Island News

Pitve Celebrates its Saint's Day

By Vivian Grisogono 25 July 2013

St. James, celebrated in a feast of abundance and good cheer.

St. James the Greater is the patron saint of Pitve, and his feast day on 25th July is always celebrated in style. James and his brother John were fishermen from Galilee, and both became Jesus' disciples. They are said to have participated in several important events during Jesus' ministry, notably the raising of Jairus' daughter from the dead (Gospel according to Mark 5:37; Luke 8:51), the Transfiguration (Mark 9:2) and the Agony in the Garden of Gethsemane (Mark 14:32-33; Matthew 26:37). James was beheaded by order of King Herod Agrippa in Jerusalem in 44AD (Acts 12:2).*

James for a time preached in Spain, and is especially venerated at the shrine of Santiago de Compostela. His remains are said to have been taken there in Medieval times, but Pitve claims to have some small part of his body – possibly a finger or toe - which is held in a reliquary and displayed on his feast day. Today's celebrations were marked with some sadness because of the news of the fatal train crash near Santiago de Compostela, and special prayers were said for the victims during the morning Mass.

Like every other village celebrating its saint's day on Hvar, Pitve devotes the whole day to the serious business of festivities. The morning Mass is the focal point of the day. Traditionally the parish priest invites colleagues to celebrate the mass jointly, and as many as can spare the time attend. This year there were six, and in some years there have been as many as twelve. As their vestments are red and gold, with red flowers adorning the main altar, it is a joyously colourful event.

The service starts with a procession round the church. The year's Cross-Bearer, in this case Marin Crnčić, leads the way with a small entourage, followed by the group of priests, with the main celebrant carrying the reliquary. The procession stops at either end of the church, and the reliquary is lifted up to the four directions of the compass for veneration.

The singing during the feast-day mass is always special. Pitve is blessed with some fine singers, male and female. The female choir is led by Agneza Radonić, now Mrs. Medić, having married earlier this year. She is a professional musician, and particularly gifted as a singer and on keyboards. This year there was a special duet by Roza Radonić, a member of Jelsa's female Klapa Frecia, and Juraj Petrovac, who has become one of the lead male singers in the church. For a sample of today's music, check out the video below.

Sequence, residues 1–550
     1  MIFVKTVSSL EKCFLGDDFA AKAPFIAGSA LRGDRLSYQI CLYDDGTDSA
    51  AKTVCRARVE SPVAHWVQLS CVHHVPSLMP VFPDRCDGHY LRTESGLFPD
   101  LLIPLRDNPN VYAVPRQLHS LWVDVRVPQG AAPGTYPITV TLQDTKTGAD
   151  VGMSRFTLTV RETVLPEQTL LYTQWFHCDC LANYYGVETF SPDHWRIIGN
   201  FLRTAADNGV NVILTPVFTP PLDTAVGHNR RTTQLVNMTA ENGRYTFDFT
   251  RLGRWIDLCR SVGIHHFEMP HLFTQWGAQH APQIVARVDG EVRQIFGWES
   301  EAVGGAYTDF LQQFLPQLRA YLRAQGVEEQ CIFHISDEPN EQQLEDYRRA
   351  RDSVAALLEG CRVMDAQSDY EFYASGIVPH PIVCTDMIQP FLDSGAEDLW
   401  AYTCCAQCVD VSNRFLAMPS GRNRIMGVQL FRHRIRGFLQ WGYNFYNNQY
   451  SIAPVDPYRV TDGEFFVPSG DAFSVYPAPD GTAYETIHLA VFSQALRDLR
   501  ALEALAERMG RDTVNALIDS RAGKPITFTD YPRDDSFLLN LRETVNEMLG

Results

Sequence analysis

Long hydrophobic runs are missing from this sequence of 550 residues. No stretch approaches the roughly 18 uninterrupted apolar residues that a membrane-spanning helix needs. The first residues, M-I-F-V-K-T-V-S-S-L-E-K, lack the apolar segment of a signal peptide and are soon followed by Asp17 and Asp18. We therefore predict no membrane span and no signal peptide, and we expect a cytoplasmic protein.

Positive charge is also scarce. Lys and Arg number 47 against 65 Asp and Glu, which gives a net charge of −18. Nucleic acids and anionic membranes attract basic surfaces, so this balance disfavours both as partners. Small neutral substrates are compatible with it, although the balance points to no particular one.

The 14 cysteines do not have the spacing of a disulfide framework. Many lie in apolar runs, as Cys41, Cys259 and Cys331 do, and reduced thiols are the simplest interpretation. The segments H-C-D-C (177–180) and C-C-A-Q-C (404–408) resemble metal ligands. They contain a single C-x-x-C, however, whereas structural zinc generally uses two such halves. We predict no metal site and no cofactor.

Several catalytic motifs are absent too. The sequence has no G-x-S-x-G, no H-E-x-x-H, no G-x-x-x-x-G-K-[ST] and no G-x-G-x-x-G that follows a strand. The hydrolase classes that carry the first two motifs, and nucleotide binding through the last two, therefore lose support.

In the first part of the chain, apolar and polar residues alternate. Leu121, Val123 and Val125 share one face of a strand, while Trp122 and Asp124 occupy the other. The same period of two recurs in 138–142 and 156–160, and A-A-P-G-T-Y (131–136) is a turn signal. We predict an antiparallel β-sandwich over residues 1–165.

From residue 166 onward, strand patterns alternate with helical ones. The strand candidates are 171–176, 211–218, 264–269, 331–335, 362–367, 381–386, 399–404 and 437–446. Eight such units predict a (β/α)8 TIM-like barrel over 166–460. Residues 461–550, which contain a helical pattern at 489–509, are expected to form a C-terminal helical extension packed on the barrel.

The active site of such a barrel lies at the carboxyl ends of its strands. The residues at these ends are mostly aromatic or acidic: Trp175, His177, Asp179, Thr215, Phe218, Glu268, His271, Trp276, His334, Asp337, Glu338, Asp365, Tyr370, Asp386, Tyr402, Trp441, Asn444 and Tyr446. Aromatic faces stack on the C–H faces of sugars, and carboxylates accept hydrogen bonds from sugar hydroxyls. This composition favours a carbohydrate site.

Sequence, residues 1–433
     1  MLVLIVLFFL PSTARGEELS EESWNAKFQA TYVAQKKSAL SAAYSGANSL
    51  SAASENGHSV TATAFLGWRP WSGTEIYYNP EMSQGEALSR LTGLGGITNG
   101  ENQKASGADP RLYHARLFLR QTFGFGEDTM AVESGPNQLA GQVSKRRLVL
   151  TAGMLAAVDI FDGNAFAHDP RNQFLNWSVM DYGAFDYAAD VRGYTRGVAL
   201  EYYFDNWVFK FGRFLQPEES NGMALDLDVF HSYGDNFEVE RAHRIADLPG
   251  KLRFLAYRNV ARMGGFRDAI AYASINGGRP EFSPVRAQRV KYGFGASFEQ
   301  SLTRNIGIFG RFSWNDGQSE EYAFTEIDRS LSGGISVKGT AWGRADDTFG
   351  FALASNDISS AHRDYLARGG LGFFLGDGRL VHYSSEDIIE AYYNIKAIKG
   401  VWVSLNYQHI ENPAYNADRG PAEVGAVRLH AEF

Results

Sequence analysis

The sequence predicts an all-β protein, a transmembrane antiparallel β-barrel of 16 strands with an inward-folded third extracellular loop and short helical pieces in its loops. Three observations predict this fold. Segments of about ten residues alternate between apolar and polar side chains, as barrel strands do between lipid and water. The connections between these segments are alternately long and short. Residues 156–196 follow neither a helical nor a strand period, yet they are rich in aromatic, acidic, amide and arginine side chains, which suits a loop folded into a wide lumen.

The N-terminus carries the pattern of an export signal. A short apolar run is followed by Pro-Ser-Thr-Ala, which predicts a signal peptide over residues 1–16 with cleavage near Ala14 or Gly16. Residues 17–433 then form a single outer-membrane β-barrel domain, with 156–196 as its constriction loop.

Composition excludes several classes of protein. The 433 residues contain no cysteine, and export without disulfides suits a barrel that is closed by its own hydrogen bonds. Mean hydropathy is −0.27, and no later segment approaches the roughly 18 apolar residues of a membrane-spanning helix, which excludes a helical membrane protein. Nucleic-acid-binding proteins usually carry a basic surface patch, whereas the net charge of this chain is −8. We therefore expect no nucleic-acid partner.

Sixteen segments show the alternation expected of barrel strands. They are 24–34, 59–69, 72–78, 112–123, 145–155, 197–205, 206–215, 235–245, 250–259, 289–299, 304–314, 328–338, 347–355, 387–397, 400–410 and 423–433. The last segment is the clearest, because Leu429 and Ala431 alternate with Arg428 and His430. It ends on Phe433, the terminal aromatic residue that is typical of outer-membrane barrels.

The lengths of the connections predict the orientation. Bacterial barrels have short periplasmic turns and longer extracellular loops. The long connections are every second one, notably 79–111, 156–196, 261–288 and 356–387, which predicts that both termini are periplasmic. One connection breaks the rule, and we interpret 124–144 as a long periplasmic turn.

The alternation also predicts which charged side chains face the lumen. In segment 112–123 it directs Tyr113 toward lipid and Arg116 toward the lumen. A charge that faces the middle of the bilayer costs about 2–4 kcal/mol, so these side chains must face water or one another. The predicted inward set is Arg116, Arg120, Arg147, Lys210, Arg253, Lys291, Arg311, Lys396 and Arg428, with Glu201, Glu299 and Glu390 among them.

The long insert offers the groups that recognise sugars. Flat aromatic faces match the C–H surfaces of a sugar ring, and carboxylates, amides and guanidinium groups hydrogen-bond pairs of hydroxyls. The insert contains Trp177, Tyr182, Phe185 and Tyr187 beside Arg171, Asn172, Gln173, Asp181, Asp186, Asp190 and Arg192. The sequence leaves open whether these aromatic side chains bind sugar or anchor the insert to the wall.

The Mass spreads over an hour and half, ending at midday. Perfect timing for people to spread round the village and start the lunchtime shift. Several families have open house for all-comers, while others invite their chosen guests, but will always feed any extras who turn up unexpectedly. The catering is lavish and abundant, and the village is pervaded by succulent smells from late morning onwards. Most people have their main meat course cooked in the various places which offer this service in Jelsa and Stari Grad. So a family member is deputed to go and collect it, and at intervals during the afternoon large pans of lamb suddenly appear as if by magic.

Lunch is leisurely, with much chatter and laughter, interspersed with the harmony singing for which Dalmatia is famous. People tend to drift away by about 6 pm, after which there is a lull around the village while householders clear up and prepare for the evening shift, and sated guests go for a siesta. Around 8 pm, the feasting re-starts with a new wave of people filling up the tables and settling in for their turn at eating, drinking, conversing and singing.

And then... there's the revelry in Donje Pitve, singing, dancing and making merry, organized by the Youth of Pitve (Mladež Pitava). Those with the necessary energy will be in full swing until at least 4am. Contrary to popular belief, Dalmatians work very hard. And when they set out to celebrate, they make sure they really do it properly!

* Main reference source: Encyclopaedia of the Saints by Matthew, Margaret & Stephen Bunson, pub. Our Sunday Visitor, Huntingdon, Indiana. ISBN 0-87973-588-0

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